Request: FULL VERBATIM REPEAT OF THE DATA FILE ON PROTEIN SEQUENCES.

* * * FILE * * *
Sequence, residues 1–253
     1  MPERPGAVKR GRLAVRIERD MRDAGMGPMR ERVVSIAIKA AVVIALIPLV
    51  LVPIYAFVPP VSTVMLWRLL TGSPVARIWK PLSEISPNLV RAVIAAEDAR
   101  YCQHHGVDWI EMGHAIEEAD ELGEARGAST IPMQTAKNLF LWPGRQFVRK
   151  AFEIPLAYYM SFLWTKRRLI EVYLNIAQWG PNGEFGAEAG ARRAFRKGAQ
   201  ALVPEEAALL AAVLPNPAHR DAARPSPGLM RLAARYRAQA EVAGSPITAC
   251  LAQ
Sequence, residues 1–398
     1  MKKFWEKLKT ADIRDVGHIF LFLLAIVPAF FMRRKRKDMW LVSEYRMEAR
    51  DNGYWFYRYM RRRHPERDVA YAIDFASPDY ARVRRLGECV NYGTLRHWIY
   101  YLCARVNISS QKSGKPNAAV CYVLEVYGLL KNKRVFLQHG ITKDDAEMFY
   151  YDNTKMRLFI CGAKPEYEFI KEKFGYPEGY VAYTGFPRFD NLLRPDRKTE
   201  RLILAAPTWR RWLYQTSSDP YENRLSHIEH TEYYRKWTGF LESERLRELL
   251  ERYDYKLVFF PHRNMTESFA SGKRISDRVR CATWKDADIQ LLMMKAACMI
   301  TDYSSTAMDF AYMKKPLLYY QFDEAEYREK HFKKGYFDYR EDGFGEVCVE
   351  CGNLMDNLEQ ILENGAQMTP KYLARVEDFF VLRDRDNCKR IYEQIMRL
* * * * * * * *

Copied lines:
Sequence, residues 1–253
     1  MPERPGAVKR GRLAVRIERD MRDAGMGPMR ERVVSIAIKA AVVIALIPLV
    51  LVPIYAFVPP VSTVMLWRLL TGSPVARIWK PLSEISPNLV RAVIAAEDAR
   101  YCQHHGVDWI EMGHAIEEAD ELGEARGAST IPMQTAKNLF LWPGRQFVRK
   151  AFEIPLAYYM SFLWTKRRLI EVYLNIAQWG PNGEFGAEAG ARRAFRKGAQ
   201  ALVPEEAALL AAVLPNPAHR DAARPSPGLM RLAARYRAQA EVAGSPITAC
   251  LAQ
Sequence, residues 1–398
     1  MKKFWEKLKT ADIRDVGHIF LFLLAIVPAF FMRRKRKDMW LVSEYRMEAR
    51  DNGYWFYRYM RRRHPERDVA YAIDFASPDY ARVRRLGECV NYGTLRHWIY
   101  YLCARVNISS QKSGKPNAAV CYVLEVYGLL KNKRVFLQHG ITKDDAEMFY
   151  YDNTKMRLFI CGAKPEYEFI KEKFGYPEGY VAYTGFPRFD NLLRPDRKTE
   201  RLILAAPTWR RWLYQTSSDP YENRLSHIEH TEYYRKWTGF LESERLRELL
   251  ERYDYKLVFF PHRNMTESFA SGKRISDRVR CATWKDADIQ LLMMKAACMI
   301  TDYSSTAMDF AYMKKPLLYY QFDEAEYREK HFKKGYFDYR EDGFGEVCVE
   351  CGNLMDNLEQ ILENGAQMTP KYLARVEDFF VLRDRDNCKR IYEQIMRL